A Florida federal judge Thursday didn't immediately rule on a request from former President Donald Trump for a "special master" to review documents, which were seized from Trump's home last month by the FBI, for executive privilege.
After a 1 p.m. ET hearing, Judge Aileen M. Cannon said she will issue a written ruling on Trump's request, which is opposed by the Department of Justice, "in due course."
The hearing is the latest chapter in the battle over a closely watched Justice Department investigation into whether Trump illegally possessed classified national security materials at his Mar-a-Lago estate in Florida. The FBI raided Trump's property as part of the investigation early last month.
Trump lawyer Jim Trusty during the hearing slammed the DOJ for allegedly grasping at anything for which to prosecute Trump. He said the FBI could have "taken an overdue library book" and it would have "suddenly turned into a criminal investigation." He went on to note broader concern for the institution of the presidency itself after the unprecedented raid.
DOJ attorney Jay Bratt, meanwhile, argued that Trump no longer has the same legal privileges to classified documents as when he was in office.
"He is no longer the president, and because he is not … he was unlawfully in possession of them," Bratt said of the documents the department took from Trump's home.
Justice Department lawyers also argued that a special master is simply not necessary and said it would delay the investigation into Trump.
Canon, meanwhile, seemed skeptical of the government's arguments at times.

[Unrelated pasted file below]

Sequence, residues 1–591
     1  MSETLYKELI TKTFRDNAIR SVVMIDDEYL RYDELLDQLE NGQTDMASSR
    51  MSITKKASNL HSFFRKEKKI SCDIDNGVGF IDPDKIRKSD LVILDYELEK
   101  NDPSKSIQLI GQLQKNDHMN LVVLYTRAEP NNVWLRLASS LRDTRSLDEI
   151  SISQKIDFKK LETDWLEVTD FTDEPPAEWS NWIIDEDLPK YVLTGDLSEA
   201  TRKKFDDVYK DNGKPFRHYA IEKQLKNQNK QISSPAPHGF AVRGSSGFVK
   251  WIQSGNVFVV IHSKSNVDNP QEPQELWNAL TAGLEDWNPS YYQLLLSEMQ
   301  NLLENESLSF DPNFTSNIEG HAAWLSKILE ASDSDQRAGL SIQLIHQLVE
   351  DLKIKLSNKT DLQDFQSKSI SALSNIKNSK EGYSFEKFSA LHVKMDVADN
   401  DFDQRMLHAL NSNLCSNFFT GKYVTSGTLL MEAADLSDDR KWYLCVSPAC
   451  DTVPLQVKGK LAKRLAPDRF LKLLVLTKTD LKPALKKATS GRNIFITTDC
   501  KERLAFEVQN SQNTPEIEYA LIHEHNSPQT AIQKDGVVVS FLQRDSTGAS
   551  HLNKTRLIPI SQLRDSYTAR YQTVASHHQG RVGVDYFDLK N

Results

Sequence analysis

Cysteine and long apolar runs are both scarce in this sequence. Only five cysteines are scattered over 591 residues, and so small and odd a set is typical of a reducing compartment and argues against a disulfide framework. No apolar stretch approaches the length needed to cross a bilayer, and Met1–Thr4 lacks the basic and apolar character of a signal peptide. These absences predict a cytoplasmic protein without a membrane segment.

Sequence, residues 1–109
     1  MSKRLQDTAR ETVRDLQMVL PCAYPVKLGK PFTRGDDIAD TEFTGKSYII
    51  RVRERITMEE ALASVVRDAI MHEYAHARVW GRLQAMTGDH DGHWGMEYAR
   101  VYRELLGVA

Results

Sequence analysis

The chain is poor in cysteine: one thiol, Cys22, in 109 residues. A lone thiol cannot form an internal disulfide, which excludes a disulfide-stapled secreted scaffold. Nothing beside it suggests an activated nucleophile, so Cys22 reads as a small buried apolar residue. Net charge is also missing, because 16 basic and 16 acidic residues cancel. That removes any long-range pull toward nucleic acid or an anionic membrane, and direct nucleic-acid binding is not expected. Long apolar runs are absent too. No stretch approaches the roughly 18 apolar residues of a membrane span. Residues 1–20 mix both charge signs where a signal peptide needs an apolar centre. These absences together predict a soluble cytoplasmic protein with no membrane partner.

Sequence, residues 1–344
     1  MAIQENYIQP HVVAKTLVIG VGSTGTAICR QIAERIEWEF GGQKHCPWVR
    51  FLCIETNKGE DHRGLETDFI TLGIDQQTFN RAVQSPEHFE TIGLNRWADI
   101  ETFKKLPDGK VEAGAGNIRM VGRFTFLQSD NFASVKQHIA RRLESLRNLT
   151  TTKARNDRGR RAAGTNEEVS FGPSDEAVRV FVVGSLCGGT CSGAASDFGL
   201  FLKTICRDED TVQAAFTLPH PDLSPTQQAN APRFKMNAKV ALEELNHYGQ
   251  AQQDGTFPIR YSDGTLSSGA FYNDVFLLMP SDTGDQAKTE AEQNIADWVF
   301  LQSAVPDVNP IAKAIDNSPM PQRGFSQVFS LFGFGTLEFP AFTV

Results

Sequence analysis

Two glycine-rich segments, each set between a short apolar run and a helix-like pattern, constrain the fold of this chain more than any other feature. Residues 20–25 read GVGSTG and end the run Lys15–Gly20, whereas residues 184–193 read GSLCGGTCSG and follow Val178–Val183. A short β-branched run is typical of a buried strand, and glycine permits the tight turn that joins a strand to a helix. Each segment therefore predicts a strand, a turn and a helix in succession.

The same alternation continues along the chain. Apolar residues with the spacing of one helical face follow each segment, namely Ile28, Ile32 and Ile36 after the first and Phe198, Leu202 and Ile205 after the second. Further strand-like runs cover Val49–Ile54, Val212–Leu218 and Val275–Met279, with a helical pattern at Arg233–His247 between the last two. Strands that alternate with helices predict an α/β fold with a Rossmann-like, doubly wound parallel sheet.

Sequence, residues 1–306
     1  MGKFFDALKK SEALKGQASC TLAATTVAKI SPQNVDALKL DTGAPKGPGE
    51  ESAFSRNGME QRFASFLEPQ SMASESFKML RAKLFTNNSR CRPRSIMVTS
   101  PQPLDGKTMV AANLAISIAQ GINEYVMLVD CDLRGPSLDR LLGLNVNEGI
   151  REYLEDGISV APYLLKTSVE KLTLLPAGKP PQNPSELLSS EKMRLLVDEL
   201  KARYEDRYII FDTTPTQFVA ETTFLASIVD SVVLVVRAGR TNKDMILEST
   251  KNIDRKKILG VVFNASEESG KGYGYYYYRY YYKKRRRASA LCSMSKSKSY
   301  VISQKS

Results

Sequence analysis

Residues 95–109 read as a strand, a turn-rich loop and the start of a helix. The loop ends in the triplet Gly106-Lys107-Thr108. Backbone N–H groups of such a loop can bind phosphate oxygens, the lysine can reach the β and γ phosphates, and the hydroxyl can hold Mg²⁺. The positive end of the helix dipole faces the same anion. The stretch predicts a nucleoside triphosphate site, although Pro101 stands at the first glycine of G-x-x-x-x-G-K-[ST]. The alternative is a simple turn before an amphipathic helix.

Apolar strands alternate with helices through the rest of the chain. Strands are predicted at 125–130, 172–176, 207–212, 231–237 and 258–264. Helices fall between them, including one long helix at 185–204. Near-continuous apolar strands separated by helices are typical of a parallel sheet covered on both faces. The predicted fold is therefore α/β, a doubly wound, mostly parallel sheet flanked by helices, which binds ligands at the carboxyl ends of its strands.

"What is the harm of appointing a special master," the judge said during the hearing. "What is your articulation of harm other than the general concern that it would delay a criminal investigation?"
She also floated the idea of letting the director of national intelligence review of the documents continue while halting the criminal investigation for a time and letting a special master review the materials.
Trump's team and the DOJ also disagreed during the hearing about the gravity of national security documents being stored at Mar-a-Lago.
"We need to take a deep breath. These are presidential records in the hands of the 45th president at a place which was used frequently for work during his presidency," Trump attorney Christopher Kise said.
DOJ prosecutor Julie Edelstein, meanwhile, said, "Some of those records included the most highly classified records in the U.S. There was no place at that property [Mar-a-Lago] that was authorized for those records."
Trump's lawyers also took a moment to address a photo included in a government brief Wednesday of several folders of classified documents strewn on a floor. Trusty said it was "perfectly staged" and a "press release within their motion."
Cannon in an order last Saturday announced her "preliminary intent" to appoint a special master. But she allowed for both sides to submit briefs making their case this week and set Thursday's hearing for debate on the matter.
It's unlikely that a special master would begin sorting through the documents immediately if Cannon does decide to appoint one. In briefs this week, lawyers for the Justice Department and Trump's team discussed submitting a joint list of proposed candidates for a special master potentially next week. They also said such a person should "possess a Top Secret/SCI security clearance."
The government initiated the raid on Trump's estate earlier this month in response to what it believed to be a violation of federal laws: 18 USC 793 — gathering, transmitting or losing defense information; 18 USC 2071 — concealment, removal or mutilation; and 18 USC 1519 — destruction, alteration or falsification of records in federal investigations.
Fox News' David Spunt, Brooke Singman, Kelly Laco and Ronn Blitzer contributed to this report.